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Within-lesion heterogeneity of subcortical DWI lesion evolution, and stroke outcome: A voxel-based analysis.

J Cereb Blood Flow Metab. 2019 Jul 25:271678X19865916. doi: 10.1177/0271678X19865916. [Epub ahead of print]

Authors/Editors: Duering M Adam R, Wollenweber FA, Bayer-Karpinska A, Baykara E, Cubillos-Pinilla LY, Gesierich B, Araque Caballero MÁ, Stoecklein S, Ewers M, Pasternak O, Dichgans M.
Publication Date: 2019

08_duering

Abstract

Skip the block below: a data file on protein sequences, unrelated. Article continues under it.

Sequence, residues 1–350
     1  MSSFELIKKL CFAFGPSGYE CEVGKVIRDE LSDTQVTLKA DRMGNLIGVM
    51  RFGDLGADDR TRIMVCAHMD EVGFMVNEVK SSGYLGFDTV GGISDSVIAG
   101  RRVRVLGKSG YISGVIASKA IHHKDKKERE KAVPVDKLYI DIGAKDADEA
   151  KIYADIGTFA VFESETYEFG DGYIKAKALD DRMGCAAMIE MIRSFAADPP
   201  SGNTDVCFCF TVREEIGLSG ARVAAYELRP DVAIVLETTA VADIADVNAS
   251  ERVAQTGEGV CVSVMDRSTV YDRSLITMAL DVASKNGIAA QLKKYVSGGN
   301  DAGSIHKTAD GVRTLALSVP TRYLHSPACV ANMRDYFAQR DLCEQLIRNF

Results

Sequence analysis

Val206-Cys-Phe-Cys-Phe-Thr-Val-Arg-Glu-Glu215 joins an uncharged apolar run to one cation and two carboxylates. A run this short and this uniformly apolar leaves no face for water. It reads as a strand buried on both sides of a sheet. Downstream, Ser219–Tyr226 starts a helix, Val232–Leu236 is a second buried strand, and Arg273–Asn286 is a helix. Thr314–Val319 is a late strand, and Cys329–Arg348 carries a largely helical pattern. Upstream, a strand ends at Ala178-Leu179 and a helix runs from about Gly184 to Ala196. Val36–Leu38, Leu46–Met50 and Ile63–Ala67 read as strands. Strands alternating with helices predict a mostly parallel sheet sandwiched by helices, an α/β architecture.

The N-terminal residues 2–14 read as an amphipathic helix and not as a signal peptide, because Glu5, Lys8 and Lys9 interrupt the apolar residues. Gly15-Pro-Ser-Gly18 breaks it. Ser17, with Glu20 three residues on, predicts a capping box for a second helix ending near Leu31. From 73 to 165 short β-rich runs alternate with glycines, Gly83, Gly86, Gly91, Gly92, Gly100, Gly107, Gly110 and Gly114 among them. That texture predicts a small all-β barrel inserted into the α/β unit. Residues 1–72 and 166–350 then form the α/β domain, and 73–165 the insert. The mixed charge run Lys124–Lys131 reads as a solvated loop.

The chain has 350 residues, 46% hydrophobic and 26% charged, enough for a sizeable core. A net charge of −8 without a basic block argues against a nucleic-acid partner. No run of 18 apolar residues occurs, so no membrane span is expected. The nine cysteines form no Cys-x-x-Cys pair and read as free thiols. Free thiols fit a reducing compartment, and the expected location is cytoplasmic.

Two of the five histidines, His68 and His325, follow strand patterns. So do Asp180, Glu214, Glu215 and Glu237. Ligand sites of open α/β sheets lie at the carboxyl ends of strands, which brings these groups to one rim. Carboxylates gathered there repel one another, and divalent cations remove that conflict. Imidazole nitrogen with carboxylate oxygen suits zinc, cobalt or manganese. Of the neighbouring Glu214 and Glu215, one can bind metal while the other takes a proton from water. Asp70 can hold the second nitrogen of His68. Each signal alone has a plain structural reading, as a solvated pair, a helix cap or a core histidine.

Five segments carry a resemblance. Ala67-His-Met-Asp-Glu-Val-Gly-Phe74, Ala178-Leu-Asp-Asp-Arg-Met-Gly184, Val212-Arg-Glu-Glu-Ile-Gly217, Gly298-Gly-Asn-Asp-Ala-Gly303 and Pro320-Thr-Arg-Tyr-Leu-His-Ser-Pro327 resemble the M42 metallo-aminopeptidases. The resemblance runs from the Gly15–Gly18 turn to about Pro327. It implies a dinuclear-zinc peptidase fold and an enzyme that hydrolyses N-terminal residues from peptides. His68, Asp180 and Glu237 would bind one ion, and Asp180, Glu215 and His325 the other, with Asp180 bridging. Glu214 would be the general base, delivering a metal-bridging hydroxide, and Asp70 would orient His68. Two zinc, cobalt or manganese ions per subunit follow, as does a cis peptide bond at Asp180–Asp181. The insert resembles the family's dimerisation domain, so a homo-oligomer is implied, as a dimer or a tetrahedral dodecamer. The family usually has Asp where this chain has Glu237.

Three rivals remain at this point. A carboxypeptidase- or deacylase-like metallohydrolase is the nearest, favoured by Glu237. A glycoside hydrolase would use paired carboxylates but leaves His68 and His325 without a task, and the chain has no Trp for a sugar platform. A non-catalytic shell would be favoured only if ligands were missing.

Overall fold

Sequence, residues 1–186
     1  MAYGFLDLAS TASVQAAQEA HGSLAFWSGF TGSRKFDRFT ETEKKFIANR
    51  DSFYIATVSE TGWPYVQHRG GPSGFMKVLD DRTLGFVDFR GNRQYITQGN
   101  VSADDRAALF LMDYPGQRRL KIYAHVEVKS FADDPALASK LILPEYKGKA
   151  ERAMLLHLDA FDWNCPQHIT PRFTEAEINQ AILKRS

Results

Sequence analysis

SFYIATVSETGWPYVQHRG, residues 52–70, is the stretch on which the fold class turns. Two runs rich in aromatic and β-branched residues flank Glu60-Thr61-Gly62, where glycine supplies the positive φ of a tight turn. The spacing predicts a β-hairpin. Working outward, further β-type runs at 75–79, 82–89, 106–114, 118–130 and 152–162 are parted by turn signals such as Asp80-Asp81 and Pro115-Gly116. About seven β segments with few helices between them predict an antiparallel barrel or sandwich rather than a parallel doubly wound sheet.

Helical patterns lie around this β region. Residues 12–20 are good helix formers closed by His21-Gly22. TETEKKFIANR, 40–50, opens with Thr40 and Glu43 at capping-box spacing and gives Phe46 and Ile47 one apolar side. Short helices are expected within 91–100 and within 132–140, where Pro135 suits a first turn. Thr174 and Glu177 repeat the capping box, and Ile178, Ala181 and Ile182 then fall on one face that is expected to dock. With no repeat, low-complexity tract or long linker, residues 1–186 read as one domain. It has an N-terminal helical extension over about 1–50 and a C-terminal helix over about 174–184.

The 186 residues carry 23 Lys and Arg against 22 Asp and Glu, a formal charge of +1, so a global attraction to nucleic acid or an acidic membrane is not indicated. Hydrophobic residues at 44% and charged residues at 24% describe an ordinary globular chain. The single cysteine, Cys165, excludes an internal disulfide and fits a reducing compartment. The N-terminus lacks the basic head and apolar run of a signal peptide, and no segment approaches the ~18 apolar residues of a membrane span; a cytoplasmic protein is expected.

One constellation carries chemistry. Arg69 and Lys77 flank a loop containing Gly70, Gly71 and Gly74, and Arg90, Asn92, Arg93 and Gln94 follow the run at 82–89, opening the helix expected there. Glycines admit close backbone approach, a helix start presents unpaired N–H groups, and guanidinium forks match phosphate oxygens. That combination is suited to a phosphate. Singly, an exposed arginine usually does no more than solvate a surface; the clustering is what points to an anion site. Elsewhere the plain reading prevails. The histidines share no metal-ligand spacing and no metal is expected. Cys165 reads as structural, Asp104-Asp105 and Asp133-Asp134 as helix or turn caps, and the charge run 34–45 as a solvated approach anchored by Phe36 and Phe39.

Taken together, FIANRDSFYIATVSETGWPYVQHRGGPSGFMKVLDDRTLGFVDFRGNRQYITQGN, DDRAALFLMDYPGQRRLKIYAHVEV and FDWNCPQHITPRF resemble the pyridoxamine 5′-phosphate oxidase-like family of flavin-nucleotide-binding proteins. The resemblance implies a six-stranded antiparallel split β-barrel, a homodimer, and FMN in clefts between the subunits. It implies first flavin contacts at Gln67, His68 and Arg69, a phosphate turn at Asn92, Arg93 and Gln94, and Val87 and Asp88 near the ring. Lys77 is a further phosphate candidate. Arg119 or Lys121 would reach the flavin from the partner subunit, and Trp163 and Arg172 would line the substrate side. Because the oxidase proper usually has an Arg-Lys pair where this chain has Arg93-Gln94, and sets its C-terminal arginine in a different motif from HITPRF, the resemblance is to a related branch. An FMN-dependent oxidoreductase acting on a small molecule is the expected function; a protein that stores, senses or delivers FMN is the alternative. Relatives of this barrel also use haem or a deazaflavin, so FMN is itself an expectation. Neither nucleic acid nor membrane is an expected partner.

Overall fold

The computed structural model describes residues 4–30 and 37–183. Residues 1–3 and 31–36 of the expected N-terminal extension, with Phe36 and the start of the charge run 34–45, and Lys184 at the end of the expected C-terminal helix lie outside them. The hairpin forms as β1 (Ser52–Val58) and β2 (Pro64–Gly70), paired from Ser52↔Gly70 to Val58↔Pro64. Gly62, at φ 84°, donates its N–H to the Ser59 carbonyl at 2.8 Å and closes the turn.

The fate of subcortical diffusion-weighted imaging (DWI) lesions in stroke patients is highly variable, ranging from complete tissue loss to no visible lesion on follow-up. Little is known about within-lesion heterogeneity and its relevance for stroke outcome. Patients with subcortical stroke and recruited through the prospective DEDEMAS study (NCT01334749) were examined at baseline (n = 45), six months (n = 45), and three years (n = 28) post-stroke. We performed high-resolution structural MRI including DWI. Tissue fate was determined voxel-wise using fully automated tissue segmentation. Within-lesion heterogeneity at baseline was assessed by free water diffusion imaging measures. The majority of DWI lesions (66%) showed cavitation on six months follow-up but the proportion of tissue turning into a cavity was small (9 ± 13.5% of the DWI lesion). On average, 69 ± 25% of the initial lesion resolved without any visually apparent signal abnormality. The extent of cavitation at six months post-stroke was independently associated with clinical outcome, i.e. modified Rankin scale score at six months (OR = 4.71, p = 0.005). DWI lesion size and the free water-corrected tissue mean diffusivity at baseline independently predicted cavitation. In conclusion, the proportion of cavitating tissue is typically small, but relevant for clinical outcome. Within-lesion heterogeneity at baseline on advanced diffusion imaging is predictive of tissue fate.

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